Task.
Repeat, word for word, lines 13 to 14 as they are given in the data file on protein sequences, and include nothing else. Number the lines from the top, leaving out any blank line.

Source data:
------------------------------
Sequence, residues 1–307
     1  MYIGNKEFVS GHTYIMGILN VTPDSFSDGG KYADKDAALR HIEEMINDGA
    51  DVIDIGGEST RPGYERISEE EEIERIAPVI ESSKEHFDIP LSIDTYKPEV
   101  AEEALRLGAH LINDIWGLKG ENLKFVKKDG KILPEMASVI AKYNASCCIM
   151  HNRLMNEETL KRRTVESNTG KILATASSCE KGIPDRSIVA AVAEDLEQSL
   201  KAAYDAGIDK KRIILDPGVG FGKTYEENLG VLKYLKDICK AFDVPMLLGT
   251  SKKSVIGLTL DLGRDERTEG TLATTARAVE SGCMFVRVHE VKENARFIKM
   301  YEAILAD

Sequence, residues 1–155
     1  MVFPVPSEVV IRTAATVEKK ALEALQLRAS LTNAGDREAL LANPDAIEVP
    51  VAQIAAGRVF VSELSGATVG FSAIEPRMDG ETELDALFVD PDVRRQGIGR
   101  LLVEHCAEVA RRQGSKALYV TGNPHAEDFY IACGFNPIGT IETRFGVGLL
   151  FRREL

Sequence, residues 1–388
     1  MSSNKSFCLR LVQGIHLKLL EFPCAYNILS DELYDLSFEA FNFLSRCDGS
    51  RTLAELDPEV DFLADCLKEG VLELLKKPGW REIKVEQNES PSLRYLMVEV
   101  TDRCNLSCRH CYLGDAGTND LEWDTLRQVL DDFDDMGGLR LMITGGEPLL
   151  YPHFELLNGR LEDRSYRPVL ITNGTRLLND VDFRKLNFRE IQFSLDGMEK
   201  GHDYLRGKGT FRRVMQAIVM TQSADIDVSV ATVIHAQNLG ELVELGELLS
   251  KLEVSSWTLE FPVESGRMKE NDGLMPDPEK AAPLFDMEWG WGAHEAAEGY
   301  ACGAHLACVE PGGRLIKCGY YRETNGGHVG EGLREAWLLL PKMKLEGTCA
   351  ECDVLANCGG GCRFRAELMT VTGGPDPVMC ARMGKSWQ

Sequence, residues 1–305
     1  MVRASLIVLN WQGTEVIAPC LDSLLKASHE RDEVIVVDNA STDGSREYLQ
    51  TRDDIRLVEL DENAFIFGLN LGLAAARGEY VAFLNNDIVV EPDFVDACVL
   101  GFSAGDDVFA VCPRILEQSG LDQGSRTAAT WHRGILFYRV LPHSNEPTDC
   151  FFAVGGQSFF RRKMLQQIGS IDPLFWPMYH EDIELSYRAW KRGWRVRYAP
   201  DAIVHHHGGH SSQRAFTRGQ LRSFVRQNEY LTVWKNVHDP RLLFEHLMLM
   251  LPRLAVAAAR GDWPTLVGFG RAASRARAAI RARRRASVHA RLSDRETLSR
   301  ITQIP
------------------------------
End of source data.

   151  FRREL

Sequence, residues 1–388